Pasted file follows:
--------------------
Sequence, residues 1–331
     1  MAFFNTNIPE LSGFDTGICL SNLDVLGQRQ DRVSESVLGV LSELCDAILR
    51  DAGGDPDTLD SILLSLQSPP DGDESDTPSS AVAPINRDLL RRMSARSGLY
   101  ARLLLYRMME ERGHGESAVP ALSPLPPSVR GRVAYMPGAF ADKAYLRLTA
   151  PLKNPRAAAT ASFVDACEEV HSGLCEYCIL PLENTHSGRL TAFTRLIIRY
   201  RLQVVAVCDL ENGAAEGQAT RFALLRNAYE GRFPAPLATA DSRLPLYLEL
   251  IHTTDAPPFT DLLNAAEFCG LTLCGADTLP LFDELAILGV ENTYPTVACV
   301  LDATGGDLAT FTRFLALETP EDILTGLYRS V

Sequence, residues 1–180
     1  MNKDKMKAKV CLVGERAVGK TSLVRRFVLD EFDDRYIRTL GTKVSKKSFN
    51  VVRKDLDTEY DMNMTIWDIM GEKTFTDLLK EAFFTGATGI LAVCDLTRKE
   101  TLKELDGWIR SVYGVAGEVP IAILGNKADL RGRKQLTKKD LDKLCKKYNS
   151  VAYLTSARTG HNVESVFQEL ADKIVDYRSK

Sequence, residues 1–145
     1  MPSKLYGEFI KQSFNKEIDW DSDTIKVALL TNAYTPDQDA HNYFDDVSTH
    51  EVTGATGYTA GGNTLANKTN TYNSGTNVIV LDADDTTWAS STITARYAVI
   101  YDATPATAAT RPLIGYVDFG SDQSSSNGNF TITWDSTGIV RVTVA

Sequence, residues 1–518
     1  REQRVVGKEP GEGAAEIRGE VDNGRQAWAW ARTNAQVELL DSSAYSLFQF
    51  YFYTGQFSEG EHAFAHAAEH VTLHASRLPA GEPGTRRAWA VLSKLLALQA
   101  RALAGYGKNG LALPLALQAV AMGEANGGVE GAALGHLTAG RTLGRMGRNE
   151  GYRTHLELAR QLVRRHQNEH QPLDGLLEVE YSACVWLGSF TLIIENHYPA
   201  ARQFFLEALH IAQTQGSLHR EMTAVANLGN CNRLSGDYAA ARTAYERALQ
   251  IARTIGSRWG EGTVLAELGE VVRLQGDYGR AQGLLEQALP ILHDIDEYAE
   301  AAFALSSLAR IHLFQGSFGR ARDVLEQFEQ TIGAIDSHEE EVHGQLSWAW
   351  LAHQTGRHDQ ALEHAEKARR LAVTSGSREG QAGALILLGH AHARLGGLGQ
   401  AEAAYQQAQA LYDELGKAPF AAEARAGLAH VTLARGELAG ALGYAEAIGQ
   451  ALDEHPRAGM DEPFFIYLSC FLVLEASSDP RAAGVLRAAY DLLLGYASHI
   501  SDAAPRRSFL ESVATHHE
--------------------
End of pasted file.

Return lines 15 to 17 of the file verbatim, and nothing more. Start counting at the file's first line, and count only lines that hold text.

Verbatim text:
     1  MPSKLYGEFI KQSFNKEIDW DSDTIKVALL TNAYTPDQDA HNYFDDVSTH
    51  EVTGATGYTA GGNTLANKTN TYNSGTNVIV LDADDTTWAS STITARYAVI
   101  YDATPATAAT RPLIGYVDFG SDQSSSNGNF TITWDSTGIV RVTVA